Learn More
Four experiments and a correlational study explored the relationship between power and perspective taking. In Experiment 1, participants primed with high power were more likely than those primed with low power to draw an E on their forehead in a self-oriented direction, demonstrating less of an inclination to spontaneously adopt another person's visual(More)
Objectification has been defined historically as a process of subjugation whereby people, like objects, are treated as means to an end. The authors hypothesized that objectification is a response to social power that involves approaching useful social targets regardless of the value of their other human qualities. Six studies found that under conditions of(More)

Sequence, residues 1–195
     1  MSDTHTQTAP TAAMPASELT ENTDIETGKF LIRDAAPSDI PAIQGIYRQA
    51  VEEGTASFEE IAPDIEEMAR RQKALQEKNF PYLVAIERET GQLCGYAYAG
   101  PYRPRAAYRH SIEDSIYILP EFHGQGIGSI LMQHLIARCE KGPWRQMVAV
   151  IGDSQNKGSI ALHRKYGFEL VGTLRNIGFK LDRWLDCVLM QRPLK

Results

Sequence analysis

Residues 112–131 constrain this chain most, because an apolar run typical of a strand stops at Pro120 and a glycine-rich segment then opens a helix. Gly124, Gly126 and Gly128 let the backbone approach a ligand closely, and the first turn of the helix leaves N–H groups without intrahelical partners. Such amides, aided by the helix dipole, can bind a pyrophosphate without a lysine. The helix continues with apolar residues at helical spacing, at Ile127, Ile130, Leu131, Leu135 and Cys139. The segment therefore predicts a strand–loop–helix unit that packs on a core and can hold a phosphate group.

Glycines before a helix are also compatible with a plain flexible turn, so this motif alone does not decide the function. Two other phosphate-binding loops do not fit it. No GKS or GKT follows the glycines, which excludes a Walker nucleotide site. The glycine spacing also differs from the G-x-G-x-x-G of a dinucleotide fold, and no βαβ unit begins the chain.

Power and choice represent two fundamental forces that govern human behavior. Scholars have largely treated power as an interpersonal construct involving control over other individuals, whereas choice has largely been treated as an intrapersonal construct that concerns the ability to select a preferred course of action. Although these constructs have(More)
We investigate the possibility that victims and transgressors are predictably miscalibrated in their interpretation of a transgression, and that this has important implications for the process of forgiveness. Across 5 studies, we find that victims underestimate how much transgressors desire forgiveness. This is driven by a 2-part mediating mechanism: First,(More)
  • 1